I was perhaps the worst elementary aged baseball player ever. No kidding. I think my batting average my first year was .039, .059, or .089. Whatever it was, if it starts with a zero, you're pretty rotten. I remember hitting the ball pretty hard to right field near the end of the season at the baseball field in Black Diamond - I think I closed my eyes on that one. It went for a triple. It probably would have been a homer, but it took me a minute to gather myself from the shock.
So why am I reading a baseball book? I really enjoy baseball, despite my nightmarish skills - or lack thereof. I thought it was the dullest game imaginable until my freshman year of college. My roomate was a good baseball player and was watching the postseason when we started at Central Washington University. I got sucked in to the great NLCS between the Pirates and the Braves, and then the Braves/Twins World Series. I'm a sucker for the underdog so the "worst to first" World Series was compelling.
But the stars really aligned in 1995 - when the rest of the world was bitter at baseball for cancelling the World Series. I was away from home going to school in the San Diego area and the box scores were always a nice, daily reminder of home. The Mariners were also decent that year, which, for Seattle fans, means .500-ish. And then the run came. They came back 13 or so games on the California/Anaheim/Los Angeles of Anaheim Angels to win the AL West in a one game playoff - Randy Johnson beat Mark Langston, the man the Mariners traded a few years earlier to get Johnson. The Mariners won their first pennant in thrilling fashion, beat the hated Yankees in a five game playoff, after losing the first two in NY, and then, ultimately, fell to the Indians in six games in the ALCS. It hooked me. Now I try to read a baseball book every year (I got two in last year, though!).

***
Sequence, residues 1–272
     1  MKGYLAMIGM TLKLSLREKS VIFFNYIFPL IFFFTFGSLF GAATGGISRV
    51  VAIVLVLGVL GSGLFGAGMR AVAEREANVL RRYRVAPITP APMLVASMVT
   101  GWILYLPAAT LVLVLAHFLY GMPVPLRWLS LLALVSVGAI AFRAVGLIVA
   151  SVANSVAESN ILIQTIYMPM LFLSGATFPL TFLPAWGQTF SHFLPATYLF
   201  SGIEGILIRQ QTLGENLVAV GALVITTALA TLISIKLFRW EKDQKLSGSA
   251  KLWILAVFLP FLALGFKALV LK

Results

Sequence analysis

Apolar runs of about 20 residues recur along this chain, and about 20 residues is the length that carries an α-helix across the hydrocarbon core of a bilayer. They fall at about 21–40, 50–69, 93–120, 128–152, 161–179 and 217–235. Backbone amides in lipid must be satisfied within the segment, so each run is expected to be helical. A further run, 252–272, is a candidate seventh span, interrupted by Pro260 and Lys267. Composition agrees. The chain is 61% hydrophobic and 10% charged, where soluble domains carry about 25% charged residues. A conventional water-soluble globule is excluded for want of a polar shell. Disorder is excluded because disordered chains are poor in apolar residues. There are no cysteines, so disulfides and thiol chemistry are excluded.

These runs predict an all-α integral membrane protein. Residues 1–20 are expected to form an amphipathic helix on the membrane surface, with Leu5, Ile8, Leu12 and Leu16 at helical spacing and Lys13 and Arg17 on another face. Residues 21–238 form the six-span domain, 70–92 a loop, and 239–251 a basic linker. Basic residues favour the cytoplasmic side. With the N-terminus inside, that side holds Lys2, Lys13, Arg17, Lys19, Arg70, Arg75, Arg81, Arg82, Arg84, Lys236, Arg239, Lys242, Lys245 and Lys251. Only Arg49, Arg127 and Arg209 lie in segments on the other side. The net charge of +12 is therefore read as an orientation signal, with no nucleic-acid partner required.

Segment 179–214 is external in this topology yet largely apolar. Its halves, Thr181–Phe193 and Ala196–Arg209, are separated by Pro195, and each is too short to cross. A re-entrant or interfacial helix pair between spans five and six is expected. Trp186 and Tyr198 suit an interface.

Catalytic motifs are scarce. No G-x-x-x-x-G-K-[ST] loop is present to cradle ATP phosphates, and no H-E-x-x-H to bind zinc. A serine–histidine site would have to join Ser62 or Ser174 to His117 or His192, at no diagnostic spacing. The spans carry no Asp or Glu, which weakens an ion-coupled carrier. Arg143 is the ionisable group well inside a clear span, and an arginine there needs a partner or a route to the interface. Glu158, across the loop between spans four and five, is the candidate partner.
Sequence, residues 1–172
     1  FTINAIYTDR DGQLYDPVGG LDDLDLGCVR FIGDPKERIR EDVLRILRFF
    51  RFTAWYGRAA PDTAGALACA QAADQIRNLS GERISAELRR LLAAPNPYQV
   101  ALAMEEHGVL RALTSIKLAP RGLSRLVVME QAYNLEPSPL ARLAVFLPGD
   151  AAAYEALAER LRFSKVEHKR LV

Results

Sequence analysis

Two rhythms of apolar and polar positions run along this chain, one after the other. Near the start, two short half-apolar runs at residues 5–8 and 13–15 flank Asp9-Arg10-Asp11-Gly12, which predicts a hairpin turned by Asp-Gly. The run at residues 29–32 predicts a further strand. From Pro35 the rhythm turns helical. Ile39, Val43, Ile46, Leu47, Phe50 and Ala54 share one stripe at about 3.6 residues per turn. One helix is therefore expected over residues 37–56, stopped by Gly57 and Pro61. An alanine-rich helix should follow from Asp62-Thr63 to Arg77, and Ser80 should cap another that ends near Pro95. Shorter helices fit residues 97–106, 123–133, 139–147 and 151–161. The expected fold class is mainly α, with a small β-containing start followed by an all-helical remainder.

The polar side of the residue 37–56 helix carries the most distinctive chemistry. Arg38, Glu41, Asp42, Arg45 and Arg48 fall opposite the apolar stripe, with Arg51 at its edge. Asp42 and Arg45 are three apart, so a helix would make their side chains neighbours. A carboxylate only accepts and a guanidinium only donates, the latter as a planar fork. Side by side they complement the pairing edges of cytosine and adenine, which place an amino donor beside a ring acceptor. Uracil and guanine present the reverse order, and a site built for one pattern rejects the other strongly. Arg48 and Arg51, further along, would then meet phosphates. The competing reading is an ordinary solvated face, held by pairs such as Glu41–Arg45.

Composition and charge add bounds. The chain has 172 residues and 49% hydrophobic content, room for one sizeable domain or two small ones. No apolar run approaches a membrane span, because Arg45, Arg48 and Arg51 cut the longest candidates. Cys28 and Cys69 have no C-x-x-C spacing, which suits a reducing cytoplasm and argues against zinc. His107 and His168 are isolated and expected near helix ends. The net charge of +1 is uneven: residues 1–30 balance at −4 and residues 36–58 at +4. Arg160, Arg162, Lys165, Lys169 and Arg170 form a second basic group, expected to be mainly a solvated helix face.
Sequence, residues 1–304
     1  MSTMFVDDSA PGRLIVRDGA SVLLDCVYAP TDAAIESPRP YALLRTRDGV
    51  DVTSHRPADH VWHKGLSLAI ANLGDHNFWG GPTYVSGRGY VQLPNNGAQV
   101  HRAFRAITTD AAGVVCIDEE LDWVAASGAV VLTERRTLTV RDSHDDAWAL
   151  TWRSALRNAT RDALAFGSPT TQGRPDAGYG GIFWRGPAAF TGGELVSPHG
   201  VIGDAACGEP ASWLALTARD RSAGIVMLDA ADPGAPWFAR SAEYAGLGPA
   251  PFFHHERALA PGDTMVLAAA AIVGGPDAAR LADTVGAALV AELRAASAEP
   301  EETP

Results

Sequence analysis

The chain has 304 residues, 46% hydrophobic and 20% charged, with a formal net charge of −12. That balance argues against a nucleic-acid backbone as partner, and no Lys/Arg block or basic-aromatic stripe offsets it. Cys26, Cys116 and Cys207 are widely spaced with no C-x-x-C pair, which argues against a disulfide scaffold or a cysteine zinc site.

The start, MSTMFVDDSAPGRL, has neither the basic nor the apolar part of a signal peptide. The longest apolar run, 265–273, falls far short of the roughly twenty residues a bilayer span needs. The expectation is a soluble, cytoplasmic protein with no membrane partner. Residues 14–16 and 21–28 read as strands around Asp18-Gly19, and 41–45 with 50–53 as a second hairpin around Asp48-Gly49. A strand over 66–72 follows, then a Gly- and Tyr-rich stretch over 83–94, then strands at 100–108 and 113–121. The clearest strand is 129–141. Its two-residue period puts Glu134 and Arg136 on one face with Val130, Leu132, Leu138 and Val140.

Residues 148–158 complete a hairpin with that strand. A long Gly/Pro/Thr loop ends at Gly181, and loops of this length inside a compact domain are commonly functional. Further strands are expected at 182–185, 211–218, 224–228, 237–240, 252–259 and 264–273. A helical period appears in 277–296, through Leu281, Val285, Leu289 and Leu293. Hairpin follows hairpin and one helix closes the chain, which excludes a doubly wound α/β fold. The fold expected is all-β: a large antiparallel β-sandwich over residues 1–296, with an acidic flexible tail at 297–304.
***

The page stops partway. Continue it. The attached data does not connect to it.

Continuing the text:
I occasionally get lost in a site, www.ussmariner.com, where they get deep into baseball from non-traditional perspectives. They have a book list that I'm working through slowly. I just started Weaver on Strategy and it is incredibly commonsensical, but kind of boring. Not just because it is a little older and I don't know many of the players he talks about, but because he seems to be a pretty "hands-off" manager so far. He gets his players ready to play and lets them hit the ball. He doesn't dink around by giving outs away for bunts and what not, or stealing unnecessarily. He gets guys on and wants his big sticks swinging the bat. I look forward to reading more, but right now he sounds like the manager Billy Beane would be happy with based on Moneyball - my favorite baseball book (of the four I've read).
Any great suggestions on books I just gotta read about baseball?